DIC Zhangjiagang Chemicals Co., Ltd. Increased operating effciency of circulating pumps in chillers

Asia–Pacifi region

In September 2013, 25 energy offcers from 19 sites in 11 countries and territories in the Asia–Pacifc region gathered for a conference on energy management issues and measures. Participants discussed increases in energy consumption in emerging economies due to economic expansion, as well as the horizontal deployment of measures that have proven effective in addressing issues specifc to the region.
In fscal year 2014, production volume in the Asia–Pacifc region increased, owing to the acquisition of a manufacturer in the preceding period. Nonetheless, the active promotion of energy-saving initiatives at individual sites resulted in a decline in associated CO2 emissions per unit of production of 1,960 metric tons. In fscal year 2015, the DIC Group will implement strategic measures aimed at principal energy-consuming sites to reduce dependence on high-emission energy sources, including the installation of facilities for the independent generation of renewable energy, and will work to establish quantitative targets for the region as a whole.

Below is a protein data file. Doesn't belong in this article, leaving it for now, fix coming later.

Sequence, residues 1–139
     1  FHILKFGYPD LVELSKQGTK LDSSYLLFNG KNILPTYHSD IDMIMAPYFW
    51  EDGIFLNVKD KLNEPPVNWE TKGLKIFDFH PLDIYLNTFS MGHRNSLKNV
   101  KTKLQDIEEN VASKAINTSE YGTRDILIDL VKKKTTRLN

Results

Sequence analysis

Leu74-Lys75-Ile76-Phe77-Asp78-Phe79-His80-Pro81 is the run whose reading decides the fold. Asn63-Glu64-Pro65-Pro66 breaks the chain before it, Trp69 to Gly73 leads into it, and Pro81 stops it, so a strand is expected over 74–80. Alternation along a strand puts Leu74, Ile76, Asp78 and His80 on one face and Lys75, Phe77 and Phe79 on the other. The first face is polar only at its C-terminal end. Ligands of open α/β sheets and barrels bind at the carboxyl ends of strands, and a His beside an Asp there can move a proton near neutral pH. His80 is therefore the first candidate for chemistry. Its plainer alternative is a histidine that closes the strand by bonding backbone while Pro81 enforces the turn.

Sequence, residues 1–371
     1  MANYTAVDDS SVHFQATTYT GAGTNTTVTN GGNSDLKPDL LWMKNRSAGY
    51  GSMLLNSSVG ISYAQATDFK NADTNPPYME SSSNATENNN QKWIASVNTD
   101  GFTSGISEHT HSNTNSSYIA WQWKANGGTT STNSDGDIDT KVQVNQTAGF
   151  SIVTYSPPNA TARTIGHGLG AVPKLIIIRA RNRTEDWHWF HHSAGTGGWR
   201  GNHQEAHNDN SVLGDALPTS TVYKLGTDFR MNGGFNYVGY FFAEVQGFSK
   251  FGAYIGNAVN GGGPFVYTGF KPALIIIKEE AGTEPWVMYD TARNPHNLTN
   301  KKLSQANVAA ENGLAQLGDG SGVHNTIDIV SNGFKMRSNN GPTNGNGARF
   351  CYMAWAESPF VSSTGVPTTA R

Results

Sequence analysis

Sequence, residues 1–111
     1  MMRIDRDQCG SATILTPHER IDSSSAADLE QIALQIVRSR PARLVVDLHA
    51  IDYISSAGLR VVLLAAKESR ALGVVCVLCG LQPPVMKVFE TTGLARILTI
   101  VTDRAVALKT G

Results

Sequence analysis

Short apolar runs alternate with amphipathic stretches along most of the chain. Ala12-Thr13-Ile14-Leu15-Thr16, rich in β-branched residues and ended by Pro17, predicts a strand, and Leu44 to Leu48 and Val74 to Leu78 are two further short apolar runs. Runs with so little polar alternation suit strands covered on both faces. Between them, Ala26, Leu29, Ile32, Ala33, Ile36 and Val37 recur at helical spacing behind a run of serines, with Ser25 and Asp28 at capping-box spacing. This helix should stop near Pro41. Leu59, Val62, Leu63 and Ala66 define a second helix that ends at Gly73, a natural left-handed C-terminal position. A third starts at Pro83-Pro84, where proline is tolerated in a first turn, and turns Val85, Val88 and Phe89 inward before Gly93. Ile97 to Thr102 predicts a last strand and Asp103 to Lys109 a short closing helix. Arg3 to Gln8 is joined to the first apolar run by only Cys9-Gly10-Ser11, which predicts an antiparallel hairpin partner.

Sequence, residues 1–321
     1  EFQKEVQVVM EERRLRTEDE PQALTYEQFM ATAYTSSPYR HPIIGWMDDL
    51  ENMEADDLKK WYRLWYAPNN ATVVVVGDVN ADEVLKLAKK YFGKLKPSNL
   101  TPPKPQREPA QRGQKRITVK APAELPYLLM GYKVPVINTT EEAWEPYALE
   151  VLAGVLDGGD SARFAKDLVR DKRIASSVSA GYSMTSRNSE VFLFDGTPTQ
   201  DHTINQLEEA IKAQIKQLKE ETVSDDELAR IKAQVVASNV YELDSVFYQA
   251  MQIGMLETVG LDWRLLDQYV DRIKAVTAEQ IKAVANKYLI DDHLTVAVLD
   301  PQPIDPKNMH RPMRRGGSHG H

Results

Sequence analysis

Principal Initiatives

Siam Chemical Industry Co., Ltd. (Thailand) :(1) Switched from existing coolant pumps to high-effciency models; (2) Updated light fxtures (installed LED lights)
PT DIC ASTRA Chemicals (Indonesia) :(1) Installed electricity monitoring system across entire site; (2) Updated light fxtures (installed LED lights)
DIC Epoxy (Malaysia) Sdn. Bhd. :Added inverter controls to all fve coolant pumps
DIC Graphics (Thailand) Co., Ltd. :(1) Added inverter controls to coolant pumps; (2) Updated light fxtures (installed LED lights)
DIC Compounds (Malaysia) Sdn. Bhd. :Updated light fxtures (installed LED lights)
DIC Fine Chemicals Private Limited (India) :Updated light fxtures (installed LED lights) across entire site

Americas and Europe